I look like a $400 million “self-indulgent” piece of work right now. Which is surprising, because I am a graduate and enrolled in a PhD program in industrial design. But then I do admit that the Instagram campaign I am heading into makes me look as narcissistic as Justin Timberlake in Private Parts. It’s scary and uncomfortable. But that is how I am. Like, in an ordinary way. Like, I once really felt like one of those rare puppies that “ought not to bother eating the crap out of any man who thinks they can force you into penance with an Ivy League degree.”

There’s a difference between understanding that it is okay to be naked, like some industrial designer, and to force people to look like the goddamn Krispy Kreme guy. But what it doesn’t take into account, no matter how many of you make it easy for the general public to understand how beautiful products are, is how crazy it is to think that “democracy” is something that can exist only in money. The fundamental problem for us is the inability to distinguish whether citizens are motivated by selfish desires or due to a level of ethical responsibility. And money can get in the way of that:

One of the things that I deeply believed in was that our economy was created as a kind of Wild West. And that when goods become expensive, it can breed a kind of anarchy. But I also did not have high expectations for anyone else’s economic system. And right now, no one really is, but I think that we are better off than we have ever been because we have made different kinds of investments in opportunities for us. What I mean by that is that I didn’t expect that someone I helped found would have a place in the fiber goods boardroom. But I knew I would get involved in the life and culture of our city and it would grow along with us.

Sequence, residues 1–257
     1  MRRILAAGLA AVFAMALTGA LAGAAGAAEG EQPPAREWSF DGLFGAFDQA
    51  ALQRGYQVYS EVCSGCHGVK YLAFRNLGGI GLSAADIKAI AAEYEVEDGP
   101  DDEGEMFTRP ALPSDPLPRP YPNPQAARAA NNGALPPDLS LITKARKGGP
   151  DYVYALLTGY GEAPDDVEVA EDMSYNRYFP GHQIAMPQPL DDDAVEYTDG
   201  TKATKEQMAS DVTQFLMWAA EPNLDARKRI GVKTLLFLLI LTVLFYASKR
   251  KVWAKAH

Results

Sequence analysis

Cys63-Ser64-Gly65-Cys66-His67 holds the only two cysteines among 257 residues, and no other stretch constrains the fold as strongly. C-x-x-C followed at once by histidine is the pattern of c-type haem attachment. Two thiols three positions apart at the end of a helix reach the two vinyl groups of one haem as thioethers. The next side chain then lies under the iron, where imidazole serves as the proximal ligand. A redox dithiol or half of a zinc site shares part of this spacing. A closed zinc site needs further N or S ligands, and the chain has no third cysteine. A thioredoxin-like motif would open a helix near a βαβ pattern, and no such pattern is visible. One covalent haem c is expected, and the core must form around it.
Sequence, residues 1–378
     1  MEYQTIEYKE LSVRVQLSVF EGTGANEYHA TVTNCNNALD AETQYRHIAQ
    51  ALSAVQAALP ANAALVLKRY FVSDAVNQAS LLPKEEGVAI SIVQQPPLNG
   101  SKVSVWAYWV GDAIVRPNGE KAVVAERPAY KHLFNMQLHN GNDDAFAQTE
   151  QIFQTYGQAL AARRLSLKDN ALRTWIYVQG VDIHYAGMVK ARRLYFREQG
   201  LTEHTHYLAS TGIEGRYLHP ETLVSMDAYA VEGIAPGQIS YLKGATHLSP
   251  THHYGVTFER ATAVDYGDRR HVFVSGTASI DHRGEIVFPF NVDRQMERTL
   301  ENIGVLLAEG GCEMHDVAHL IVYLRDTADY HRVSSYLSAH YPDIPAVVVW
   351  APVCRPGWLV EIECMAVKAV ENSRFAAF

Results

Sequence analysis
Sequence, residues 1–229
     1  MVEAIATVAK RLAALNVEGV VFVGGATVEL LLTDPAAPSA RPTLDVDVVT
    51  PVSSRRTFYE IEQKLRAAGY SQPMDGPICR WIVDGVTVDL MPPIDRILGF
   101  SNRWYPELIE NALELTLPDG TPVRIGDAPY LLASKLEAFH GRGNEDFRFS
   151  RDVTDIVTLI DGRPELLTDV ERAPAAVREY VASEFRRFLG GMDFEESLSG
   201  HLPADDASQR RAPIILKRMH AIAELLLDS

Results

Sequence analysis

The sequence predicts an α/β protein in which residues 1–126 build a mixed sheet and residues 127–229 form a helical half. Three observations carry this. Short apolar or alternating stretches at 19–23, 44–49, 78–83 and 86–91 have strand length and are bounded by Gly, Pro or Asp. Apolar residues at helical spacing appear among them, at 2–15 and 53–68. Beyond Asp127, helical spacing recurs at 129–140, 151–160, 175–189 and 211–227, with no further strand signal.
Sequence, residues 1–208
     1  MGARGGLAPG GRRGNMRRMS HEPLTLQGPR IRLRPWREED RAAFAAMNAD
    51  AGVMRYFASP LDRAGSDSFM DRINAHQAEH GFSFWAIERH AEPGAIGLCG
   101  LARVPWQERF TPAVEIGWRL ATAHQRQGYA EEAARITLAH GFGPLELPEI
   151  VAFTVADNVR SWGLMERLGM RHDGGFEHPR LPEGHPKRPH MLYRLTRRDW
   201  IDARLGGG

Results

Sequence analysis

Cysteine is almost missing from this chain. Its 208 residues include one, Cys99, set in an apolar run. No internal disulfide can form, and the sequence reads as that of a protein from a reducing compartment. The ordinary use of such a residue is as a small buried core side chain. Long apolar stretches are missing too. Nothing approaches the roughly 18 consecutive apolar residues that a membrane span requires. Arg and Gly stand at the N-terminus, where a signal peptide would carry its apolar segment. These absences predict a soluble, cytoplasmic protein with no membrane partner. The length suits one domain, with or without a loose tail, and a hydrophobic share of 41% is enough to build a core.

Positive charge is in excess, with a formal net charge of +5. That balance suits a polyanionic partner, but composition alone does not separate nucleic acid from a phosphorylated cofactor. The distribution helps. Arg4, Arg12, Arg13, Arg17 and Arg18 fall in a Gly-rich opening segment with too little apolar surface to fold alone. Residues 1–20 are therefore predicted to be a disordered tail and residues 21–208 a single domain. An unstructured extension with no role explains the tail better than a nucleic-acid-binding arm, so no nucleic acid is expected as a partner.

So as someone who was raised in a middle-class neighborhood and who aspires to better things than cash, I can see how images such as these from North Carolina’s downtown can feel like the saddest in the world.

But what really frustrates me about the website is not the image of a homeless person in a box facing up to a total stranger; it’s that I’m not familiar with the human being who is staring back at me while I use my price-fixed iPhone to reach my mother. I can’t believe that human beings are the ones who are so confused and so detached from the humanity they need to be seeing. And I hate it because what I’m saying has more bite than it should, and now this could destroy my finances for the rest of my life.

I’m getting this urge to post my GIF.

And the truth is, this is what happens. It’s kind of like the curtain drawing back layers of wealth. Where I can experience or have to witness personal misery, as when I see my mother struggling with food or a dog that’s been left stranded on the street while several other people join her for warmth.

I could explain to the designers of KKD why the photo was inappropriate and not a true representation of humanity. But what I’m really trying to say is that the industry has completely forgotten that humanity is personified in the moneymaking process, and that the richest people in the world have an immense impact on the lives of the people who are living in underprivileged areas.

I think that is, in fact, the problem.